Design Indaba Day 3

The final day of Design Indaba featured some moving, funny and uplifting presentations rom Stefan Sagmeister, Alt Group’s Dean Poole and South Africa’s most treasured photographer, David Goldblatt. Here’s a look at some of the best bits…

The final day of Design Indaba featured some moving, funny and uplifting presentations rom Stefan Sagmeister, Alt Group’s Dean Poole and South Africa’s most treasured photographer, David Goldblatt. Here’s a look at some of the best bits…

89plus – art, post 1989

Following a talk from Ivory Coast architect Issa Diabate was a group of South African artists from new platform and research project, 89 plus. Founded by curators Simon Castets and Hans Ulrich Obrist, 89plus supports artists born in 1989 or later, after the birth of the internet and the fall of the Berlin Wall.

This age group represents half the world’s population and for South Africans, it’s a generation that has grown up post-apartheid. The first 89plus exhibition, Poetry Will Be Made By All, was recently launched in Switzerland and will feature 1000 books by 1000 poets over two months, presented in displays designed by artists, designers and architects (more info here).

Images (top and above): Jody Brand

Among the 89plus artists speaking were Kyla Philander – a videographer and musician who uses film to address social inequality and racism and Jody Brand, a photographer and art director who captures South African street and club culture on her blog, Chomma (slang for friend).

Dean Poole – simplicity and constraint

After a talk from Danish designers, Alt Group’s Dean Poole delivered an excellent presentation on his love of language, simplicity – and holes. Beginning with a playful look at the letters of the alphabet (which those who attended AGI Open in London may remember), Poole explained the concept behind the studio’s award-winning identity for Auckland Art Gallery Toi o Tamaki.

Inspired by visual word play, experimental poetry and sculptors that work with language, Alt Group created a visual system based around the word art. By reducing the subject to three letters, Pool said he wanted to create a simple message that anyone could understand. The system has been applied to merchandise, wayfinding and communications and offers a flexible, playful scheme.

Poole also discussed condensing the story of an opera into one simple symbol when designing an identity for New Zealand Opera (see image, top) and the studio’s fantastic work for experimental theatre group Silo – for which they created ‘emoticon’ logo marks referencing tragedy and comedy theatre masks.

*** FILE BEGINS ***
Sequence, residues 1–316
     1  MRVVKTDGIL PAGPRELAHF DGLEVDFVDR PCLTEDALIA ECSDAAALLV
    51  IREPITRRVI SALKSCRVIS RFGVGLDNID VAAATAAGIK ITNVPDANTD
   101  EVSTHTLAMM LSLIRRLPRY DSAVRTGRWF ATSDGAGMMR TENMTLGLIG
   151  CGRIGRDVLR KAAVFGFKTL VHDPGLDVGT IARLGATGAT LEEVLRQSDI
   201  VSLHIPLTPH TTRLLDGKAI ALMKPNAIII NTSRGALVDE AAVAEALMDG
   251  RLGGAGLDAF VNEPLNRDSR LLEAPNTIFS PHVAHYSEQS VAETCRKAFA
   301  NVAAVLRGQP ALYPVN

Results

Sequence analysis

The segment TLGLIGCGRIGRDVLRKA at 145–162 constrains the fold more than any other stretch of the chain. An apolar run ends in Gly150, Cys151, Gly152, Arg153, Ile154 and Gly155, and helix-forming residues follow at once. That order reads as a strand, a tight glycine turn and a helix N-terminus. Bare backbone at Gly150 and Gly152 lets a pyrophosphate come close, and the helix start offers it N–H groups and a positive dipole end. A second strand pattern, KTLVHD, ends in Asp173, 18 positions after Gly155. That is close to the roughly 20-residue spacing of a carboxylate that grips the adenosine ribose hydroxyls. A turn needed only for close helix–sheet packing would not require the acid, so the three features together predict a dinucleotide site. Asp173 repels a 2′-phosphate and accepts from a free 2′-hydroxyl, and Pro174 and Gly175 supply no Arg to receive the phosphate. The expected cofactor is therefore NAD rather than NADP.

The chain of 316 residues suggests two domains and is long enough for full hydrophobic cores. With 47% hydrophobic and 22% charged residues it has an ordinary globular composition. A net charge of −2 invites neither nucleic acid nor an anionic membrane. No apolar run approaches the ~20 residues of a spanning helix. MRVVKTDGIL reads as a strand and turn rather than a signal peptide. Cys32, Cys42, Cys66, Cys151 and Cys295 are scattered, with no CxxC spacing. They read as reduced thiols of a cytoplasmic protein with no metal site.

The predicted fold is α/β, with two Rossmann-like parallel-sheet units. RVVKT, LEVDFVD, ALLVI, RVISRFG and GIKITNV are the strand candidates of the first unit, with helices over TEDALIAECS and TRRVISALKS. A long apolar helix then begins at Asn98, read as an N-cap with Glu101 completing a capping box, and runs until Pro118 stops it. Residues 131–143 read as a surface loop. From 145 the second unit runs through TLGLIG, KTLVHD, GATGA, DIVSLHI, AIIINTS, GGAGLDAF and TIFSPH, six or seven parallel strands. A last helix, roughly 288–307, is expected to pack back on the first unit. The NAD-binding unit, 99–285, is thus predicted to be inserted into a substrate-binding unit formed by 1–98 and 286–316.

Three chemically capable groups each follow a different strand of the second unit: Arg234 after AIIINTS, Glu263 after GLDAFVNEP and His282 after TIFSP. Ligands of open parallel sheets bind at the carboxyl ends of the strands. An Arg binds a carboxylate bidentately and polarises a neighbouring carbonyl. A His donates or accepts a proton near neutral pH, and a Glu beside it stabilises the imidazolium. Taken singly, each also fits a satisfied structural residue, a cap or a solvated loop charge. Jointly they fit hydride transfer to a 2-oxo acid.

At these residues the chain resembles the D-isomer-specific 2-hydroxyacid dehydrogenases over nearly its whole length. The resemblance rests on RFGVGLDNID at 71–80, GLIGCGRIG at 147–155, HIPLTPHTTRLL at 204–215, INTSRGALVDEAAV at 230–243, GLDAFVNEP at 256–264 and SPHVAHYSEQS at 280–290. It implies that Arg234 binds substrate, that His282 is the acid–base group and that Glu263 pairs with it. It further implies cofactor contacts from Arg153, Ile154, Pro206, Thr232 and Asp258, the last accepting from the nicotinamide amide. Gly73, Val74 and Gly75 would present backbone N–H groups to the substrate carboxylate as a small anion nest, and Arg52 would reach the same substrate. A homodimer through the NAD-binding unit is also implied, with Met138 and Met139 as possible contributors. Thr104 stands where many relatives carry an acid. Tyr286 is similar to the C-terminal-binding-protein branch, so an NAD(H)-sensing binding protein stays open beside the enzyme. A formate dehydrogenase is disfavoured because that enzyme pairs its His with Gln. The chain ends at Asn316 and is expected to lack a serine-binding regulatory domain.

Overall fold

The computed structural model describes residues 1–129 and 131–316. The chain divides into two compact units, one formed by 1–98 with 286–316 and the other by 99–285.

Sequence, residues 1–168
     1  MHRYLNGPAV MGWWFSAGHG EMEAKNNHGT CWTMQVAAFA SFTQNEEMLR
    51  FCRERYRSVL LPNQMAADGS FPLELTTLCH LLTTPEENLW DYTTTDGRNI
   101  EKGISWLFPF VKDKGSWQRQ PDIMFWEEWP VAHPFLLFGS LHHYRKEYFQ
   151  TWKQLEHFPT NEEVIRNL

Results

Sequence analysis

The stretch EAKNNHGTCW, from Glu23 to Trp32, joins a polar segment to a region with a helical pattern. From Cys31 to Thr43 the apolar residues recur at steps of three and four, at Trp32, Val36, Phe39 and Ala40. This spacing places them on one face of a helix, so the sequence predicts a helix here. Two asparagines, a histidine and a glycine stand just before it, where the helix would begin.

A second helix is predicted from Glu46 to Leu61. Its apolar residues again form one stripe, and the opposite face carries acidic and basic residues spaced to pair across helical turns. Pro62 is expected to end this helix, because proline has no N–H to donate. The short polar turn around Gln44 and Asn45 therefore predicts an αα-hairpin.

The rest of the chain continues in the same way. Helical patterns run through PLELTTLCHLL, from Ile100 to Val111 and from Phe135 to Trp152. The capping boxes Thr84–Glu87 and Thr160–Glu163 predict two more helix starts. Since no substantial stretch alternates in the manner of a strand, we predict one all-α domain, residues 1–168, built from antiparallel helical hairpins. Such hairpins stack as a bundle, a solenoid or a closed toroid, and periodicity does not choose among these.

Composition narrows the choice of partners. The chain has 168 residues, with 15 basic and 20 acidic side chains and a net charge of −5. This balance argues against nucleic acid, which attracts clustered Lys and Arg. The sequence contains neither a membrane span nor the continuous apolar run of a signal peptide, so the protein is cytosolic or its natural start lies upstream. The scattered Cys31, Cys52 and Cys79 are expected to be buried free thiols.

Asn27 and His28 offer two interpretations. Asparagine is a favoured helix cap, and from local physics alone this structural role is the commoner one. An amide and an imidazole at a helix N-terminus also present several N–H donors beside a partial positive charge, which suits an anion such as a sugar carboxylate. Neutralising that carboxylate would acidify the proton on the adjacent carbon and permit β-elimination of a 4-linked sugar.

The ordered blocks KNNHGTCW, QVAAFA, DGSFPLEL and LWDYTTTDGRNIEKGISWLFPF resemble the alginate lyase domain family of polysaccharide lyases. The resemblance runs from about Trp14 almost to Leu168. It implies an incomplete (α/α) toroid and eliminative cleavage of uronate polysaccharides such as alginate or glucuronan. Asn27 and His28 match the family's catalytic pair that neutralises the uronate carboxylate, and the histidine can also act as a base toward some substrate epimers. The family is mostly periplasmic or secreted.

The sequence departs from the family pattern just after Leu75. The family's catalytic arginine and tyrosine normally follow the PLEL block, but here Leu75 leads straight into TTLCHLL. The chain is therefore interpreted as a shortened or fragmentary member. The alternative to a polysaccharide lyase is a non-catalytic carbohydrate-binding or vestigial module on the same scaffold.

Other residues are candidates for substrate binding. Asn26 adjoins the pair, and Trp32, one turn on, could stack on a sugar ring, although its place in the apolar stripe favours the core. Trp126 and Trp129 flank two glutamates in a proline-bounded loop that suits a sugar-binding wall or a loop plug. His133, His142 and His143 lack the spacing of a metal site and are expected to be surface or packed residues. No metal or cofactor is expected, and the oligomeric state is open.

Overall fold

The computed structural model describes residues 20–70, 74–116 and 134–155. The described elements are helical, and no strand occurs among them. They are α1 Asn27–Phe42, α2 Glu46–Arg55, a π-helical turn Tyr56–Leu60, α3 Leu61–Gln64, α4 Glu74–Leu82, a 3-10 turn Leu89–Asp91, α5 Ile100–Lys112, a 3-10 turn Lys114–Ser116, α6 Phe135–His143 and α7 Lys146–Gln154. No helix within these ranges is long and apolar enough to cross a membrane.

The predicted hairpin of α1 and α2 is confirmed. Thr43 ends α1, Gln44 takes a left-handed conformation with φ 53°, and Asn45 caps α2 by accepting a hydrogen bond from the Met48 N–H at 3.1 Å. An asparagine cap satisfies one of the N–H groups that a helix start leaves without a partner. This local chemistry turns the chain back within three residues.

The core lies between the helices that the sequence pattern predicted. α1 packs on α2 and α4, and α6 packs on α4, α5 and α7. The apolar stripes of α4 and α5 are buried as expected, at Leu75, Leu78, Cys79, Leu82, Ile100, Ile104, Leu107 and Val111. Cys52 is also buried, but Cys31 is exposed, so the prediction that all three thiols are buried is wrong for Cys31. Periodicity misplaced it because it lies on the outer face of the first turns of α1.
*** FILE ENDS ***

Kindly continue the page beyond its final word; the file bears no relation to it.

Funny, engaging and entertaining, Poole’s parting thought was to go out and do something different, or “give the world a bit of a wobble”.

Man building his house, Marselle Township, Kenton-on-sea, shot by David Goldblatt.

David Goldblatt – a life’s work

His talk was followed by photographer David Goldblatt, who discussed the stories behind some of his most iconic portraits and received a standing ovation from the audience.

Offering a fascinating insight into his 50-year career Goldblatt spoke about photographing victims of police brutality, township residents and political figures including Nelson Mandela during apartheid.

He also presented his work photographing offenders at the scene of crimes they were imprisoned for – including a victim of corrective rape who was jailed for 3 years after being falsely accused of armed robbery – and his close-up series of body parts from the mid-70s.

His work remains a powerful and poignant reminder of the country’s recent past and it was inspiring to hear Goldblatt’s insights on his images and their subjects.


Stefan Sagmeister – on happiness

The final speaker of this year’s conference was Stefan Sagmeister, who delivered an uplifting talk on happiness.

Showing examples of typographic installations, motion graphics and short films created with studio partner Jessica Walsh, as well as examples from his brilliant exhibition, the Happy Show:

He shared some surprising insights based on research into what makes us happy. Climate, age and life conditions play only a small role but marriage and religion can make us considerably happier.

Speaking of his experiences filming the Happy Film, his documentary on happiness which is now at rough cut stage, he also provided some tips based on what he had discovered from scientists, pyschologists and a trip to Bali. Singing in groups, making friends and taking part in non-repetitive activities will improve our happiness, but procrastinating and not doing the things we intended to will make us unhappy – some simple yet sound advice.

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Red Sofa London